Sen. Bernie Sanders (I-VT) released his plan to give free, full-day child care for every child beginning at infancy and free preschool education to all children starting at age three at a cost of $1.5 trillion over the next ten years.
The federally funded programs would be administered by states and tribes in partnership with local public school systems, and the money would also theoretically pay for workers who run the programs and infrastructure costs.
“Childcare must be guaranteed for every child regardless of their parents’ income, just like K-12 education,” Sanders said in a statement. “We know that the first four years of a child’s life are the most important years of human development, so it is unconscionable that in the wealthiest country in the world, we do not properly invest in early childhood education.”
“As president, we will guarantee free, universal childcare and pre-kindergarten to every child in America to help level the playing field, create new and good jobs, and enable parents [to] more easily balance the demands of work and home,” Sanders said.
Politico reported it is aimed at helping low-income people who Sanders is courting for votes:
The democratic socialist is trying to solve a costly dilemma faced by households with young children and working parents — and a persistent problem for poor families.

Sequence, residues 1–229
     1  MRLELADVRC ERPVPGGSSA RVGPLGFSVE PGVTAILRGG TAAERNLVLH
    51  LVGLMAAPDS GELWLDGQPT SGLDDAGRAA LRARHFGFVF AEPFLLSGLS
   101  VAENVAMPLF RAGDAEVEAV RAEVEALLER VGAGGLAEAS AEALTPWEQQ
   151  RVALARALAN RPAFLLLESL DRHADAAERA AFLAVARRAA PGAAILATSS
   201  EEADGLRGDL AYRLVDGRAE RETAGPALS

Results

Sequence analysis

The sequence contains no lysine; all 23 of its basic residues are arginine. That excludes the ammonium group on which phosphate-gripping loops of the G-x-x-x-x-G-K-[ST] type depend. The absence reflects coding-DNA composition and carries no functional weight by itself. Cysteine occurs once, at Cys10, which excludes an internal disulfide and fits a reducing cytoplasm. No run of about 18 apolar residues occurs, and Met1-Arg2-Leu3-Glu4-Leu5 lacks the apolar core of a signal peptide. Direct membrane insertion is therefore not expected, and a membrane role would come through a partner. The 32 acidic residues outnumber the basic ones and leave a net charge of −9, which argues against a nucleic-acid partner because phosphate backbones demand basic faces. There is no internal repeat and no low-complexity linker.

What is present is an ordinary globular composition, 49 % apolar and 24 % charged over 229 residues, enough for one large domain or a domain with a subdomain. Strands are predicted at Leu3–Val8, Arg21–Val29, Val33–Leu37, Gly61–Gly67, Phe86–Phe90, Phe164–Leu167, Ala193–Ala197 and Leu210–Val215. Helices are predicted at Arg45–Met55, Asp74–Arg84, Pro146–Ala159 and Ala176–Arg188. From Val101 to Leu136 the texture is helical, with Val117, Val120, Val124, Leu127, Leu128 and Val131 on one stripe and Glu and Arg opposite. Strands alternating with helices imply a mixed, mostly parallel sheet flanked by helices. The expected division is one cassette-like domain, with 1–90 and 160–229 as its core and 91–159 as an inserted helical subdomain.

About 34 percent of children with college-educated parents attended full-day preschool programs in 2017, according to a recent study from the Child Trends advocacy group cited by Sanders’ campaign. By contrast, only 18 percent of children whose parents had less than a high school degree attended full-day preschool.
The plan, according to the campaign, would provide at least 10 hours of daily child care for infants and children who are up to 3 years old. The federal government would set minimum worker wages and mandate “low child-to-adult ratios and small group sizes” for services. When it comes to pre-K, Sanders would guarantee access to “full-day, full-week” programs for children starting at age 3. The federal government would pay for that too, but pre-K programs would be “locally administered.”
Politico reported that at least three other Democrats running for the 2020 presidential nomination are in favor of the same kind of entitlements — Joe Biden (D) says he will work with states to get universal preschool; Pete Buttigieg (D) wants to spend $700 billion over the next ten years for “universal, affordable full-day” child care; and Sen. Elizabeth Warren’s (D-MA) plan would tax millionaires to fund free child care for low-income children and make it “affordable” care for other families.
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